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Publication numberUS6762156 B2
Publication typeGrant
Application numberUS 10/061,083
Publication dateJul 13, 2004
Filing dateJan 31, 2002
Priority dateJan 31, 2002
Fee statusPaid
Also published asCA2418136A1, EP1336594A1, US20030144374
Publication number061083, 10061083, US 6762156 B2, US 6762156B2, US-B2-6762156, US6762156 B2, US6762156B2
InventorsJames F. Heathman, Sears T. Dealy
Original AssigneeHalliburton Energy Services, Inc.
Export CitationBiBTeX, EndNote, RefMan
External Links: USPTO, USPTO Assignment, Espacenet
Reactive cement compositions for sealing hydrocarbon containing subterranean zones and methods
US 6762156 B2
Abstract
The present invention provides improved reactive cement compositions for sealing hydrocarbon containing subterranean zones and methods of using the cement compositions. The sealing compositions are basically comprised of water, a hydraulic cement, an organophillic clay, a hydratable gelling agent and a water soluble alkaline source in effective amounts.
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Claims(8)
What is claimed is:
1. A method of sealing a subterranean zone to prevent the uncontrolled flow of liquid hydrocarbons into or from the zone comprising the steps of:
providing a subterranean zone sealing composition comprising water, a hydraulic cement, an organophillic clay, a hydratable gelling agent and a water soluble alkaline source wherein said water soluble alkaline source is selected from the group consisting of sodium hydroxide, sodium aluminate and sodium carbonate and is present in said composition in an amount in the range of from about 1% to about 15% by weight of said composition; and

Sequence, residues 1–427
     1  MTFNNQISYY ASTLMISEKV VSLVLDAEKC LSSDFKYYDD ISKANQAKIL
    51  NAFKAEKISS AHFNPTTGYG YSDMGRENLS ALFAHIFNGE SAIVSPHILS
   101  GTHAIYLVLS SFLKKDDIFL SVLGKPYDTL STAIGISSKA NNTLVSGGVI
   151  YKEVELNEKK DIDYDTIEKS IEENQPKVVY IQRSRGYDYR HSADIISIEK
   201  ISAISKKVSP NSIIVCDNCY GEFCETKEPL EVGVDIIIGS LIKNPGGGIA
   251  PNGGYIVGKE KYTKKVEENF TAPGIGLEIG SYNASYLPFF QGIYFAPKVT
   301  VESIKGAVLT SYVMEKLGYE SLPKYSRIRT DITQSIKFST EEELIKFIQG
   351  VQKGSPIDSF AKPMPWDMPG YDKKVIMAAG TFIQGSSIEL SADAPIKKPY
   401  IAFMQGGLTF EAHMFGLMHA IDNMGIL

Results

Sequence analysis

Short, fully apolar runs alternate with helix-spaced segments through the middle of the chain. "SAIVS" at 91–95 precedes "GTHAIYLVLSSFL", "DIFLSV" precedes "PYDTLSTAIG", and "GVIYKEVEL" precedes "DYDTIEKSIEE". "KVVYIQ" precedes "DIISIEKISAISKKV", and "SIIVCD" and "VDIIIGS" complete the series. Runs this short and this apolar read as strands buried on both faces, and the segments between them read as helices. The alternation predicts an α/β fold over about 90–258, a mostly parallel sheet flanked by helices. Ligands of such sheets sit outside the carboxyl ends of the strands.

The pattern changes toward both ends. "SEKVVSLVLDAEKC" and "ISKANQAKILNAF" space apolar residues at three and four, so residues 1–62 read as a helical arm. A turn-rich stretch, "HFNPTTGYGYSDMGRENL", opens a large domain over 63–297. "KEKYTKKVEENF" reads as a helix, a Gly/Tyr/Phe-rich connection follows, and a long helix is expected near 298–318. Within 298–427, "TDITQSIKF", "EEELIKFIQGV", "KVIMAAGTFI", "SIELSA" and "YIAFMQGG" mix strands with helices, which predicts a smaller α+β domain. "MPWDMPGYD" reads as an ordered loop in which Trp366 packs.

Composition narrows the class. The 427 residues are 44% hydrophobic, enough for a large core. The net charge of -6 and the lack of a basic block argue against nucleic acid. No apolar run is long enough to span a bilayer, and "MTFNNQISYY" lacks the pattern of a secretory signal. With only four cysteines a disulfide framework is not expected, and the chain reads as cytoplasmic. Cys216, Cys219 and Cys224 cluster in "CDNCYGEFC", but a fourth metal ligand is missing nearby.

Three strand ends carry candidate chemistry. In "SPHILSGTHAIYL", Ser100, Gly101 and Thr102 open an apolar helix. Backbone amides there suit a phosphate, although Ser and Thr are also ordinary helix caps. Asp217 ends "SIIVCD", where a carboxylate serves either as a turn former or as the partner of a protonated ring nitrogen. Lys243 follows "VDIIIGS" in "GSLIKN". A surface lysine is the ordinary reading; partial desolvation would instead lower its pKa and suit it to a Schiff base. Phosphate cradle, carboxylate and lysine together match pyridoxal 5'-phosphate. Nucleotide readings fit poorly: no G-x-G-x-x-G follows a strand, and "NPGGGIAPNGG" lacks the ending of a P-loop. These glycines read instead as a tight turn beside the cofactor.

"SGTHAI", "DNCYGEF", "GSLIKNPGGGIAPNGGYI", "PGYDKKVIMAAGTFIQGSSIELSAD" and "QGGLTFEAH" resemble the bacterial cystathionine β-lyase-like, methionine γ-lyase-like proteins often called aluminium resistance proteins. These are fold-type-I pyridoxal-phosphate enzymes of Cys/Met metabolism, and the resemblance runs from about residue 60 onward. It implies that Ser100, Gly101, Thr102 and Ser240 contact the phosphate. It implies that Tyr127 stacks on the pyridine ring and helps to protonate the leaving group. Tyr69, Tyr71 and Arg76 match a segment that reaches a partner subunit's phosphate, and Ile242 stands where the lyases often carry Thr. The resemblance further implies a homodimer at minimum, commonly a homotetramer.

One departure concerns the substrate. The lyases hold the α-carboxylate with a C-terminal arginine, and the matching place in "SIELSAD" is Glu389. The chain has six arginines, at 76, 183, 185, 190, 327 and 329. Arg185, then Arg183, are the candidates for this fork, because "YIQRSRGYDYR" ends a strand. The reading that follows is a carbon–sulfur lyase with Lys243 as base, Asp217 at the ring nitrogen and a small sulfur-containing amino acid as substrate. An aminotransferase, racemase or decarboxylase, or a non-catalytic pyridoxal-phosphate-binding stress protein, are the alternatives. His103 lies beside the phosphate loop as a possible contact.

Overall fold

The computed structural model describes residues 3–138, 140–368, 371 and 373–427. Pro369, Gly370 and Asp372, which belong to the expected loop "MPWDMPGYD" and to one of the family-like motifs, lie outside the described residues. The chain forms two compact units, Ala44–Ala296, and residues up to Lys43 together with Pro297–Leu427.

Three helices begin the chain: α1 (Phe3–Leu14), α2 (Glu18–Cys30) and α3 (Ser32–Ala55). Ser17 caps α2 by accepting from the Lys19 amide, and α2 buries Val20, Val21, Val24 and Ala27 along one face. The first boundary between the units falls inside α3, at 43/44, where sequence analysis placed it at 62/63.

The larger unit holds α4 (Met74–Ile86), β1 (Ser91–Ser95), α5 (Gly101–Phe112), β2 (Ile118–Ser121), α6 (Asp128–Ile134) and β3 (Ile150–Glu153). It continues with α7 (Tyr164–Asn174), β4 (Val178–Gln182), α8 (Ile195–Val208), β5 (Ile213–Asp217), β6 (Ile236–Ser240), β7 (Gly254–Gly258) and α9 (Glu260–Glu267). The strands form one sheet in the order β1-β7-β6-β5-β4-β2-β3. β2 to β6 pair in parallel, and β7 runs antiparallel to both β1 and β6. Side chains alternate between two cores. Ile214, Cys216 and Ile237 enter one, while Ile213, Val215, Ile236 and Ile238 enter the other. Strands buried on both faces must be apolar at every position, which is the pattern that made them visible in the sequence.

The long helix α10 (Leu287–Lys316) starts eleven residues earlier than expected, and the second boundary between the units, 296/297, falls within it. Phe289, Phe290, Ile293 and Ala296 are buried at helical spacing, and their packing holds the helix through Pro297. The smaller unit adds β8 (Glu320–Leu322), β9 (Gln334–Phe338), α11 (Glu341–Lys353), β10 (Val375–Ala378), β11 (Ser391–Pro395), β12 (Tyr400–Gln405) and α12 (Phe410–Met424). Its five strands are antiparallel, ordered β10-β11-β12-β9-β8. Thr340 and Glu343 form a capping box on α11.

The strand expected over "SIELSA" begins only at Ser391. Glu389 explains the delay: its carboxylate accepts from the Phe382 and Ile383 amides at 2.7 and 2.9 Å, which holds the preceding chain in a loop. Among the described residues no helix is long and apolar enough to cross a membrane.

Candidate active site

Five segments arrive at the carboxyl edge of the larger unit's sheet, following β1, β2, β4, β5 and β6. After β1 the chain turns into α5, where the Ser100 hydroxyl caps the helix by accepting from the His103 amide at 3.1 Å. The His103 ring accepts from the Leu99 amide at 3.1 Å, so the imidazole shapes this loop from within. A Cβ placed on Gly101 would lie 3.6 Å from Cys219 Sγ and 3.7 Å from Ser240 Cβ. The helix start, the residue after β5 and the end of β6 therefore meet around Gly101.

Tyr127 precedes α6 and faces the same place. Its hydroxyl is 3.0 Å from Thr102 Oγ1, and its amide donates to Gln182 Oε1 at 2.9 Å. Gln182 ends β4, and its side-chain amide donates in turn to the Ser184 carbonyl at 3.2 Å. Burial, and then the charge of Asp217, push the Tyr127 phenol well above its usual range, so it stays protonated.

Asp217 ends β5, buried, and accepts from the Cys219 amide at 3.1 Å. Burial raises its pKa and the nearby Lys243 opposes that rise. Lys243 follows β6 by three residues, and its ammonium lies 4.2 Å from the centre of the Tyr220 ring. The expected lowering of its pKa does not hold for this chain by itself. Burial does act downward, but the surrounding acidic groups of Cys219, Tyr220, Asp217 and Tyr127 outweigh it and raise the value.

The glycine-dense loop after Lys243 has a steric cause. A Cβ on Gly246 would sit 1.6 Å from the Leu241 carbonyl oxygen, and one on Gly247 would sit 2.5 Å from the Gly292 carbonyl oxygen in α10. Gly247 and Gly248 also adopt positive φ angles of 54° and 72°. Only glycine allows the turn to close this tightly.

introducing said sealing composition into said zone.
2. The method of claim 1 wherein said water is selected from the group consisting of fresh water and salt water and is present in an amount in the range of from about 15% to about 55% by weight of said composition.
3. The method of claim 1 wherein said hydraulic cement is Portland cement and is present in an amount in the range of from about 25% to about 75% by weight of said composition.
4. A method of sealing a subterranean zone to prevent the uncontrolled flow of liquid hydrocarbons into or from the zone comprising the steps of:
providing a subterranean zone sealing composition comprising water, a hydraulic cement, an organophillic clay, a hydratable gelling agent and a water soluble alkaline source, wherein said organophillic clay is an alkyl quatemary ammonium bentonite clay and is present in an amount in the range of from about 30% to about 40% by weight of said composition; and